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More on gravitational time dilation and escape velocity.

  1. Jun 18, 2013 #1
    First, thanks for all the replies to the first post. I was able to predict this result (an engineer did the proof) using an analogy for gravitation I worked out to replace the standard marble rolling on a rubber sheet analogy used to show the effect of curved space time, which is useless on a number of levels. The analogy is extremely effective and highly predictive, so is there any advice as to how I would go about getting the predictions checked?
     
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  3. Jun 19, 2013 #2
    You'll need to link to the other post or provide more details. Not enough info here.
     
  4. Jun 19, 2013 #3
    I'm rather loathe to give more details because its part of my essay on mass, which I would like to present as a whole in some way. What I can say is that this new analogy for mass and gravitational attraction can be used to explain 'Dark Energy.' Dark Matter makes sense. There's other mass in the universe, invisible to us, that affects the behavior of the stars and galaxies, but Dark Energy is bizarre. The stars and galaxies on the outer reaches of the universe are accelerating away from the center of the big bang at a greater rate than the ones closer in. The universe is mysterious, not crazy. There is no Dark Energy, it's just an illusion. Physicists are sampling the velocity of the objects at various distances, so notice we would get the same result if the outer, faster objects were just decelerating more slowly due to that velocity. My analogy requires Newtonian gravitational calculations to have an added variable that would cause this. For someone with skills in orbital mechanics, there's a relatively easy way to check on this. This variable will affect the orbit of Mercury, so it's a matter of seeing if the result agrees with GR.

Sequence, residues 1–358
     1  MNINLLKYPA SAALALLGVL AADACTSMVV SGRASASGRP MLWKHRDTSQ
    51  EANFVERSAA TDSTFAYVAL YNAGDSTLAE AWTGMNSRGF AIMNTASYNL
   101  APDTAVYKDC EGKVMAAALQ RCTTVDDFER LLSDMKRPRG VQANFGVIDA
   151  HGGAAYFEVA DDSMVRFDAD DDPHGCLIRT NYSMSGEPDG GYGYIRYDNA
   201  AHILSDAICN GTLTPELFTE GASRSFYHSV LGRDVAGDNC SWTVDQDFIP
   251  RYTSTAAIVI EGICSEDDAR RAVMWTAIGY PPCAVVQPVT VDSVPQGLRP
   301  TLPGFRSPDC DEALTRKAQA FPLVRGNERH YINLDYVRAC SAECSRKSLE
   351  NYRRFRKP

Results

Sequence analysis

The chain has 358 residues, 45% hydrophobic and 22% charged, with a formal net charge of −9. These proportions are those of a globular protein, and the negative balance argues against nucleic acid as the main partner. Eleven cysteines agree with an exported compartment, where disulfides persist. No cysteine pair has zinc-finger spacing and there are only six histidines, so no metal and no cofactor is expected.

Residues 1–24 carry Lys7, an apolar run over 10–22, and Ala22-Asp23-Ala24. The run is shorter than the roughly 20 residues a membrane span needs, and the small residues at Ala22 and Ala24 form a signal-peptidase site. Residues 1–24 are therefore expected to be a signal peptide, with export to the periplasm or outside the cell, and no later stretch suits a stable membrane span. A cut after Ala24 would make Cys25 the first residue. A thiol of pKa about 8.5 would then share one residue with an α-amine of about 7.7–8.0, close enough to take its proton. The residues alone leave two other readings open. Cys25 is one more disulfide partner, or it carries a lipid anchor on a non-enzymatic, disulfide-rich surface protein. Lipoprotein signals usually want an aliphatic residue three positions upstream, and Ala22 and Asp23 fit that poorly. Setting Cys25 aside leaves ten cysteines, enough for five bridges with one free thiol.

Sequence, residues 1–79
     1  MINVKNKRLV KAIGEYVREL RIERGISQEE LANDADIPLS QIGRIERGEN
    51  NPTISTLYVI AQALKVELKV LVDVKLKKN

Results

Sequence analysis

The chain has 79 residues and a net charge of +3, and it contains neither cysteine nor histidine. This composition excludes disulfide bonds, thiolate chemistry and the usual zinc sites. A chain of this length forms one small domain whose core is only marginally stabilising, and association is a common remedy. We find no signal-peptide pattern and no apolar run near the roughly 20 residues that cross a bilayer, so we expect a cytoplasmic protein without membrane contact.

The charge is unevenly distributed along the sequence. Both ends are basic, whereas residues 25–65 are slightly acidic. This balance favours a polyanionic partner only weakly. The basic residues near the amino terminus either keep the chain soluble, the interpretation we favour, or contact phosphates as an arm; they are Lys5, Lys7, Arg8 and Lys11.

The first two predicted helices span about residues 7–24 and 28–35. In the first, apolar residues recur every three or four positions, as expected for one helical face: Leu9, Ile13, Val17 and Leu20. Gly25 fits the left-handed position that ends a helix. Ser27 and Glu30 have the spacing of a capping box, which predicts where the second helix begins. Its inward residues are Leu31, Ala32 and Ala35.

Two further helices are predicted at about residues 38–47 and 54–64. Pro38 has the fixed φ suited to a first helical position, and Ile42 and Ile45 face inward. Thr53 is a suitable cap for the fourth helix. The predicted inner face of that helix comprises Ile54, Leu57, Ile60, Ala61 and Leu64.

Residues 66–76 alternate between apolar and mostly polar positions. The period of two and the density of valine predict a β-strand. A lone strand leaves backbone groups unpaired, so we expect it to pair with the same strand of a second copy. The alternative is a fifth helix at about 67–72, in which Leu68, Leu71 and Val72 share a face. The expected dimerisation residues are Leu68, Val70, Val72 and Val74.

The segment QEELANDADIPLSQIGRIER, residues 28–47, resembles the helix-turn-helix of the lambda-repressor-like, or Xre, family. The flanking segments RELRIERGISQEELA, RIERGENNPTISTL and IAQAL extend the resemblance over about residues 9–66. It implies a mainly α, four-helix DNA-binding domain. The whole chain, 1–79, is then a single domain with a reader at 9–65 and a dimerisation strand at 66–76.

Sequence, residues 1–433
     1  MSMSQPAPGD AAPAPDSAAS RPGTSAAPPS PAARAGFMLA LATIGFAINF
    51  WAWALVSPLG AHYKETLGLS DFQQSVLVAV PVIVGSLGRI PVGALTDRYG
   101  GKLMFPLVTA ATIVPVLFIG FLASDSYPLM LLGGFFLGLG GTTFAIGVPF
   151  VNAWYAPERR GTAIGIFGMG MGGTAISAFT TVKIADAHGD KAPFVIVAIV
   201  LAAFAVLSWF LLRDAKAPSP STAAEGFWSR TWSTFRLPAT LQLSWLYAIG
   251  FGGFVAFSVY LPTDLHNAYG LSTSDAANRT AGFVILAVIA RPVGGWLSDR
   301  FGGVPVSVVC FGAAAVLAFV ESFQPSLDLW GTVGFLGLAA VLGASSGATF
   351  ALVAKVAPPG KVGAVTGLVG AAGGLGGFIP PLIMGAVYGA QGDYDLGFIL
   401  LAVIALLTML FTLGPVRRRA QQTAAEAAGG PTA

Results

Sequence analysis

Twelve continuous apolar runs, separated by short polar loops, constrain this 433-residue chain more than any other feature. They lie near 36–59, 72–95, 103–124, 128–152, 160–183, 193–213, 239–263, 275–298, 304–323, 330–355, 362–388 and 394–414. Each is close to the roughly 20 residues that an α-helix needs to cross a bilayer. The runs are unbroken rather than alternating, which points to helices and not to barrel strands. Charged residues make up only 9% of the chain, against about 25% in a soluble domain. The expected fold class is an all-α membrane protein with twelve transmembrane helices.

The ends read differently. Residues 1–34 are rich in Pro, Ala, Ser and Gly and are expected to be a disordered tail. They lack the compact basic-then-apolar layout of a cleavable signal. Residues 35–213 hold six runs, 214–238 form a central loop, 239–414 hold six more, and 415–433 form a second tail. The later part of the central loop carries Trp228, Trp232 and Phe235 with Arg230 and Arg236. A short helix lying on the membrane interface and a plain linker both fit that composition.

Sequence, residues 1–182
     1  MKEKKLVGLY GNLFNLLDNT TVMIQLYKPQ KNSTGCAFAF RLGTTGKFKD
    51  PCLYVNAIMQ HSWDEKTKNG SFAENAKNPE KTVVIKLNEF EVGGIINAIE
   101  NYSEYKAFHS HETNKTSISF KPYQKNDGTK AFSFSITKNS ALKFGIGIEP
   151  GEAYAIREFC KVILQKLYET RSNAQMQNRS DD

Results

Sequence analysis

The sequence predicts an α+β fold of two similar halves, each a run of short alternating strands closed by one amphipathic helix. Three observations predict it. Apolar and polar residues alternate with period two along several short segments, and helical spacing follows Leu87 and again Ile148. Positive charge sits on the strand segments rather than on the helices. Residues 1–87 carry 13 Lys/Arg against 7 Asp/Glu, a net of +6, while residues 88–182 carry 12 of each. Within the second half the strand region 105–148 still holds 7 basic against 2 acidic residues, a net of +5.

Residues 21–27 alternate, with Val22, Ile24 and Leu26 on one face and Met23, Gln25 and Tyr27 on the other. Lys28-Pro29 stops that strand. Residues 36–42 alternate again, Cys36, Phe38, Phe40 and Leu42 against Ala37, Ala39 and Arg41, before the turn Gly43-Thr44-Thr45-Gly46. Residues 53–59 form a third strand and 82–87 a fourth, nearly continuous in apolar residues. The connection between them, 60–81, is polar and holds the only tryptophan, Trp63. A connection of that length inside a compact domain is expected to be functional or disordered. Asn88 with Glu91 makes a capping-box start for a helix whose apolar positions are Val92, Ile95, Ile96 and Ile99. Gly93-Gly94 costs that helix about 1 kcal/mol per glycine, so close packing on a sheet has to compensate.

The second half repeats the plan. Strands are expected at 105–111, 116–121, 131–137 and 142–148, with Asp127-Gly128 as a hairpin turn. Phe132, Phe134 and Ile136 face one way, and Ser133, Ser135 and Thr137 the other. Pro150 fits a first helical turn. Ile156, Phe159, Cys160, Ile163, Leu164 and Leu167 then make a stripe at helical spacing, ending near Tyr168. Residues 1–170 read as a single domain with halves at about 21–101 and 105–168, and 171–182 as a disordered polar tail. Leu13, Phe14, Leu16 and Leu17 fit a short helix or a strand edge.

5. Jun 19, 2013 #4

    PeterDonis

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    No, that's not what's happening.

    First, there is no "center of the big bang". The big bang did not happen at some particular place in our universe. If it happened in any "place", it happened everywhere in our universe. We see differences in the recession velocities of galaxies from us, as a function of distance, because the distance affects how long it takes light to get to us from those galaxies (see below), not because we occupy any special place in the universe. An observer in some other galaxy billions of light years from us would see recession velocities of galaxies from *him* varying with distance from *him*.

    Second, the "acceleration" caused (according to our best current theory) by dark energy is a change in the way the entire universe is expanding. Up until a few billion years ago, the expansion was slowing down; now it's speeding up. We observe this as an increase in the expansion rate of galaxies *closer* to us, relative to galaxies further away (i.e., the opposite of what you claim)--the increase being relative to what we would have seen in the galaxies closer to us if the expansion had continued to slow down. We see it in the closer galaxies because the light we're seeing from them now was emitted more recently, during the accelerating phase of the universe's expansion; the light we're seeing now from further galaxies was emitted a longer time ago, when the expansion was still slowing down.

    This looks like your personal speculation, and this forum is not for discussing personal speculations.
     
  6. Jun 19, 2013 #5